William Morrow / December 26, 2012 / $14.99 print, $9.99 digital
Molly Hagan is overwhelmed.
Her husband left her for a younger, blonder woman; her six-year-old son is questioning her authority, and now so is she. In order to pay her Brooklyn rent and keep her son supplied with Pokémon and Legos, not to mention food and clothing, she has to get a job—fast.
So when an old friend offers Molly a freelance position copywriting for a new bakery, finding romance is just about the last thing on her mind. But the sexy British pastry chef who's heading up the bakery has other thoughts. And then so does Molly, when she meets the chef's intimidating business partner—who also happens to have a secret that might prevent Molly from getting her own happily ever after.
It’s a simple premise, really: books and coffee go hand in hand for many people. Add in a decadent pastry, and the bar has been infinitely raised. It’s with these ideas in mind that Megan Caldwell presents her debut release, Vanity Fare. But beneath the surface (of the pie crust, if you will), what you’ll find in this book is an Austen-worthy tale of love and insights into friendships and relationships, as well as how to live a life you’d be proud of.
Our story starts off with Molly, freshly cuckolded in her marriage to Hugh, who now finds she has to start earning a living on her own when her ex becomes unable to continue with support payments. This is an overwhelming idea, especially for someone who had given up everything for their husband to pursue his career, while she raised their son. More than merely intimidating as a story line, it’s totally relatable one for many wome. It can be a lonesome burden, certainly, but with Molly as a role model, readers can feel that same sense of empowerment as she learns and grows throughout the duration of the novel.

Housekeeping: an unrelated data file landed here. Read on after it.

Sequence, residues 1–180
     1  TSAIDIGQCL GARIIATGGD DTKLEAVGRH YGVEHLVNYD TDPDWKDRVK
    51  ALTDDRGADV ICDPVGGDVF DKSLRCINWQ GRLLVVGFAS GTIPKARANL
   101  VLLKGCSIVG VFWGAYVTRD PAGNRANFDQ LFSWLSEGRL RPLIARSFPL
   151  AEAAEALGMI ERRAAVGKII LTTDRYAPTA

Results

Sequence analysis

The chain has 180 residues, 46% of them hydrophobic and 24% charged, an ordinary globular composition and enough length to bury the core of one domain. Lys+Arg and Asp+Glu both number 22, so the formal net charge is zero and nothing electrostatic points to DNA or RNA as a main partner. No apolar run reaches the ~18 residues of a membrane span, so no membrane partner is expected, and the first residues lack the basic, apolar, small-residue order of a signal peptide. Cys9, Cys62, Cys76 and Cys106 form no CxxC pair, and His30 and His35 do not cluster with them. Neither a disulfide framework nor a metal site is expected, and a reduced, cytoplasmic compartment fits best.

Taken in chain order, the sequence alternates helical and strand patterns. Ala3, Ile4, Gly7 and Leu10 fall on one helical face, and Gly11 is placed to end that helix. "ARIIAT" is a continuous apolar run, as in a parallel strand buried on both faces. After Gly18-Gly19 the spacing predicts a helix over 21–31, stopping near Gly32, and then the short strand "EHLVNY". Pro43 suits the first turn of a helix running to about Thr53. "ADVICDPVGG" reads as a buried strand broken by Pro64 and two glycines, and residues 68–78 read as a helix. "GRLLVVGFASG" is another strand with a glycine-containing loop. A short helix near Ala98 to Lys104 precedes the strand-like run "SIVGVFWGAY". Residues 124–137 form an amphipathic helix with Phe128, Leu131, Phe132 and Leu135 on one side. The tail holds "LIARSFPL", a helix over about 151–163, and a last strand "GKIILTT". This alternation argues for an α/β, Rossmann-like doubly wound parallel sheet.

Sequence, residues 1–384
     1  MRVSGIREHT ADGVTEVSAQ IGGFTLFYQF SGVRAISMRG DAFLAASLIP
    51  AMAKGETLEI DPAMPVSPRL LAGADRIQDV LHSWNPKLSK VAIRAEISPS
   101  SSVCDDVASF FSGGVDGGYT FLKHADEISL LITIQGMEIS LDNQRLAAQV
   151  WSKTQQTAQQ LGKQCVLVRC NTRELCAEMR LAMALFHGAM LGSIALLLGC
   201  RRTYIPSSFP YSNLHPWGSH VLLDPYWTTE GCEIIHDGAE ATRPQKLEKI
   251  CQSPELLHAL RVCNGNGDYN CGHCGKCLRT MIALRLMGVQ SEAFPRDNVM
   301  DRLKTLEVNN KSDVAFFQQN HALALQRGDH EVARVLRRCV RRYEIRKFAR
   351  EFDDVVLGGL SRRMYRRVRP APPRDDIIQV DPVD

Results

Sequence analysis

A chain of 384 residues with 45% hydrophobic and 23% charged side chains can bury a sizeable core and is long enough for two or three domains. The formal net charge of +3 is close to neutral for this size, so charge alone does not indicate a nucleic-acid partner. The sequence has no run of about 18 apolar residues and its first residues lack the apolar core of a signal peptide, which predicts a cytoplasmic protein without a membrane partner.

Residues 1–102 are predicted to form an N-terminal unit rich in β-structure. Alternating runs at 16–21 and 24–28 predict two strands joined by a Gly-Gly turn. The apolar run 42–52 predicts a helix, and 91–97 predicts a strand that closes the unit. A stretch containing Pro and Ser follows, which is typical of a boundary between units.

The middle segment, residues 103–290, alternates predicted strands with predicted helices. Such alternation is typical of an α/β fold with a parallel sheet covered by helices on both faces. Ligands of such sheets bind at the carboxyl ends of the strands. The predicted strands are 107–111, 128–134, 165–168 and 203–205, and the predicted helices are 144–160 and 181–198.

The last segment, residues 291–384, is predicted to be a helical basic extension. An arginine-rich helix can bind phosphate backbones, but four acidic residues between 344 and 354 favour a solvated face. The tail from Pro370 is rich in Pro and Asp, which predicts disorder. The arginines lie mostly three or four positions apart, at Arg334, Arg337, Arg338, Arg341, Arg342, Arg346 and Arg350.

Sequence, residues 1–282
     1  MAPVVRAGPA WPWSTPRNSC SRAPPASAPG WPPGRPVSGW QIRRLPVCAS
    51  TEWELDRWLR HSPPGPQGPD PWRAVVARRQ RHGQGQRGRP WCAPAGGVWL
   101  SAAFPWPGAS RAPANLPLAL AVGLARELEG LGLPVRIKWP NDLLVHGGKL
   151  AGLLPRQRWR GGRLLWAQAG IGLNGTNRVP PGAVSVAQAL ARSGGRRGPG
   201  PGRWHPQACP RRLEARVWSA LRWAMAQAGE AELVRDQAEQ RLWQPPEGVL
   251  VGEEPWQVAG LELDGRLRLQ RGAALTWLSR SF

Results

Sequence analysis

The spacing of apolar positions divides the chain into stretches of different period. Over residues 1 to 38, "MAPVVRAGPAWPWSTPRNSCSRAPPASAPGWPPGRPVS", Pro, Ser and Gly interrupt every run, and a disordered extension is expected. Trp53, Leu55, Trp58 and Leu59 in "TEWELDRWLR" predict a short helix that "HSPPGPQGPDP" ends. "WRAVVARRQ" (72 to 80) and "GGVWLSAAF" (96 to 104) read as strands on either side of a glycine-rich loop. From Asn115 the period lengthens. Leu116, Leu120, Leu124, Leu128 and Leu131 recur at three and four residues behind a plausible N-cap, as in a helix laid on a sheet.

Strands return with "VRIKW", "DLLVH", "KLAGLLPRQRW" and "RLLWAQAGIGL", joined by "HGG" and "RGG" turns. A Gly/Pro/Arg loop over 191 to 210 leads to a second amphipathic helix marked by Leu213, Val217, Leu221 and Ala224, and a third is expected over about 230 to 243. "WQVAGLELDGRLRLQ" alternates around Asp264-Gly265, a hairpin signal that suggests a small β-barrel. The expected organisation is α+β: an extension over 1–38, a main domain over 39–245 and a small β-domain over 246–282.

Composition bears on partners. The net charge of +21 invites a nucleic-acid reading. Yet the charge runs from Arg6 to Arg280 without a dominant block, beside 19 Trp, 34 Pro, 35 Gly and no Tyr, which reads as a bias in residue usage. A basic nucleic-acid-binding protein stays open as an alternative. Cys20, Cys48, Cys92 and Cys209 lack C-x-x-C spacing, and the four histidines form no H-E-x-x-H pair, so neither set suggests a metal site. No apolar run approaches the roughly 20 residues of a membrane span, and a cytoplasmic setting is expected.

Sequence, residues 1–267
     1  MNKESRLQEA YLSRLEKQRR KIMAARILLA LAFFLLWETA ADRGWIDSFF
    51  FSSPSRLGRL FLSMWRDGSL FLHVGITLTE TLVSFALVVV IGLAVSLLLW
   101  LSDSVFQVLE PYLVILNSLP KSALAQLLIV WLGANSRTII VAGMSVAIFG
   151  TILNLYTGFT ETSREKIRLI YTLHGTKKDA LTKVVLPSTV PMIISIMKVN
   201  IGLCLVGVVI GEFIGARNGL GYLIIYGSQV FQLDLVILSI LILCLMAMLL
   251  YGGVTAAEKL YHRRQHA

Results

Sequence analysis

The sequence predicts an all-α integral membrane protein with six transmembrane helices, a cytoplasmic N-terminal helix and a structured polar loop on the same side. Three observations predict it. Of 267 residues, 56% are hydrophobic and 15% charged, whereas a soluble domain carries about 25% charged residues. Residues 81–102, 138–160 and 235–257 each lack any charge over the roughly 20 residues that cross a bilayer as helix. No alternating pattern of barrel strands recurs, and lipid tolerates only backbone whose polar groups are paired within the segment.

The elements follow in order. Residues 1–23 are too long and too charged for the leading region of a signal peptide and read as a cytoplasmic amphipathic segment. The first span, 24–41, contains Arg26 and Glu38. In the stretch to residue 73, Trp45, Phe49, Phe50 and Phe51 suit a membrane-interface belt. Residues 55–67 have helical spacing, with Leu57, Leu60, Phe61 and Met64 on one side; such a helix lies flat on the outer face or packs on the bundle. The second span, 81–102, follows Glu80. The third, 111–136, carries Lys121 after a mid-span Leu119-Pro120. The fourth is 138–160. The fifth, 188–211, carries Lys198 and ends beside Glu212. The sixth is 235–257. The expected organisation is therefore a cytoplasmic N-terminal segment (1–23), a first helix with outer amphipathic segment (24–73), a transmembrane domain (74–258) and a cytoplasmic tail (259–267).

I walked back to the kitchen, my mind buzzing with a bunch of things: my bank balance, Aidan’s annoying habit of asking for food when he was hungry, my future, his future, our future, and that Ben Folds Five song where Ben demands that the bitch give his money back.
In fact, read in a certain light, Vanity Fare can act as a how-to guide to find a life for yourself that is worth living. At its base, it’s relevant in today’s social climate for many women that have been left in a crappy position post break up, or even for someone that’s reached a point where they are disillusioned with the their current situation. Taken from Molly’s deeper perspective, the book should/could encourage readers to be brave in facing new ventures (adventures?), be it dating again after twenty years or scrap booking. The proverbial bull and his horns can be grabbed by anyone, if they just allow themselves to take the chance.
The story is rich in character, from the proposed names for pastries, like “Tart of Darkness” and “Middlestarch” to the list of players that help to move the story along. Molly balances responsible with fun, as she offers her inner snarkiness frequently while coping with the demands of life. It is this spark in her that paves the way for what will comes next in her life.